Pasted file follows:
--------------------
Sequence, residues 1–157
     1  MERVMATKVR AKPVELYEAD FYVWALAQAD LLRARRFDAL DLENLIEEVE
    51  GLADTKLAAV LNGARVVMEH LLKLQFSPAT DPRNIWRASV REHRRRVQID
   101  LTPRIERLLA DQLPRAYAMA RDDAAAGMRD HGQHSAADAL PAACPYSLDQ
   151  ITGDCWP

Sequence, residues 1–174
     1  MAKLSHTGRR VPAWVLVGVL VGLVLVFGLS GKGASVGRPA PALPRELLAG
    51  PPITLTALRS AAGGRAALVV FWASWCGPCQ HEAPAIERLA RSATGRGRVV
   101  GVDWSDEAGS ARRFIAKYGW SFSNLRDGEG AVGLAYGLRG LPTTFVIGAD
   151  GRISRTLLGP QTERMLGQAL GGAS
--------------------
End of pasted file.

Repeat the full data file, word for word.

Sequence, residues 1–157
     1  MERVMATKVR AKPVELYEAD FYVWALAQAD LLRARRFDAL DLENLIEEVE
    51  GLADTKLAAV LNGARVVMEH LLKLQFSPAT DPRNIWRASV REHRRRVQID
   101  LTPRIERLLA DQLPRAYAMA RDDAAAGMRD HGQHSAADAL PAACPYSLDQ
   151  ITGDCWP

Sequence, residues 1–174
     1  MAKLSHTGRR VPAWVLVGVL VGLVLVFGLS GKGASVGRPA PALPRELLAG
    51  PPITLTALRS AAGGRAALVV FWASWCGPCQ HEAPAIERLA RSATGRGRVV
   101  GVDWSDEAGS ARRFIAKYGW SFSNLRDGEG AVGLAYGLRG LPTTFVIGAD
   151  GRISRTLLGP QTERMLGQAL GGAS